Knowing our unreasonable expectations gives us awareness to where we are at odds so that we can make changes. Sometimes these awarenesses are as painful, or moreso, than the actual discomfort. It is very hard for rabbits and ostriches to stay engaged if this happens. I tend to be donkey-like (this stems from perfectionist tendencies – if I make a move, I have to make sure it is the right one! Otherwise – DON’T DO A THING.) and have spent months in paralysis while letting go of what my Ego told me I needed to be in order to be loved and accepted in the world. This is where the second tool comes in:


  • Cultivate Compassion.


This is what turns the ostrich into the elephant (funny analogy, no?). It is going a layer deeper and forgiving ourselves for our mistakes and bad choices. It is the top layer of our Ego that has adopted the unreasonable expectation, but the layer underneath that which tells a story of ‘knowing better’ or ‘deserving it’ or whatever excuse we use to keep us stuck is Ego as well. When I say Ego, I refer to the adopted and created stories we tell ourselves about who we are, what we should/shouldn’t do, etc. It contains both healthy and unhealthy beliefs about ourselves, who we are, and how the world works, though in this instance I refer to the latter aspects of Ego.

Here are some simple tools to bring yourself compassion:

  • Remember – you ALWAYS do the best you can in any given situation, with what you know and what you have at your disposal.
  • What would someone who loves and cares for you unconditionally say to you about this situation?
  • What would you tell a close friend or small child about this situation?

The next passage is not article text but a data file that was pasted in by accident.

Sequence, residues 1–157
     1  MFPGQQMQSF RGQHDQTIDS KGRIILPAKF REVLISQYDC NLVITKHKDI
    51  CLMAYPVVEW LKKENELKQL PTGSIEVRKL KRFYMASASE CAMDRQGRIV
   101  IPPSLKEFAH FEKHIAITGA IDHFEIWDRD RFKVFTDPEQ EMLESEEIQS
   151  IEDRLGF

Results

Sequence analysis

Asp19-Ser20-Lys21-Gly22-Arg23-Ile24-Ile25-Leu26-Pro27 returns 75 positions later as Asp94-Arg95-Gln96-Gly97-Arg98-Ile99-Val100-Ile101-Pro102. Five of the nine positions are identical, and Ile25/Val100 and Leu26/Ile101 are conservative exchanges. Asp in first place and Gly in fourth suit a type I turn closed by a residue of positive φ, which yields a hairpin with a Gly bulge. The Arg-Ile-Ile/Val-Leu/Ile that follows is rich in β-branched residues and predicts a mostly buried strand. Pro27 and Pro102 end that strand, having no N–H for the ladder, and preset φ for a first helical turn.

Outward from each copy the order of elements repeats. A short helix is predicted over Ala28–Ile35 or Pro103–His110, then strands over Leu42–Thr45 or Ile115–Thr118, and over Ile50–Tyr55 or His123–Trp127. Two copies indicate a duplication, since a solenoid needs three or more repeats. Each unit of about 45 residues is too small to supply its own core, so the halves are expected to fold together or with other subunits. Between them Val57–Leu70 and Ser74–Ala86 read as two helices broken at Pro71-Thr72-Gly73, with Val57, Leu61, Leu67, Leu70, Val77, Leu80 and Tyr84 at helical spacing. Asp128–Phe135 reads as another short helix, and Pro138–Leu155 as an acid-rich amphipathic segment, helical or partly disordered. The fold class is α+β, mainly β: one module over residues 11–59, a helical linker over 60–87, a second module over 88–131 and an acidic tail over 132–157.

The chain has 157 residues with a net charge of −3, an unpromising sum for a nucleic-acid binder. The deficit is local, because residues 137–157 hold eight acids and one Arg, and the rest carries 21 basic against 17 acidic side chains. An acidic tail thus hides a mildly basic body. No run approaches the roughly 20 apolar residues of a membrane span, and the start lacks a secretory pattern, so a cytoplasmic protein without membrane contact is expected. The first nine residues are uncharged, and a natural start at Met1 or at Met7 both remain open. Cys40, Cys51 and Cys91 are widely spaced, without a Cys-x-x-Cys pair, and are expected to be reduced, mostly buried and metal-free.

When we are living in a state of compassion and awareness of our past choices and their contribution to the present, it is usually easy to make a change. The drama and the story is gone and it becomes about making a course correction in your life to get to where you want to be. When we let go of shame and anger and “shoulding” all over ourselves the answers often appear very easily and readily, making action clear and decisive.  We move like the elephant, unobstructed by a crack in the soil or a dense thicket because we embody our grandness and our ability to move through what is in the way. We pull our head out of the snow and continue the journey towards Happiness, which is our true home.


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  1. I love your comparison between elephant and ostrich. It took me awhile to realize how my many, many past mistakes brought me to this amazing place in my life and to not only accept them but be in a state of gratitude for them.

  2. Thank you for this insight, Tammi! What was one of the most important tools or experiences that helped you achieve that ability to be grateful?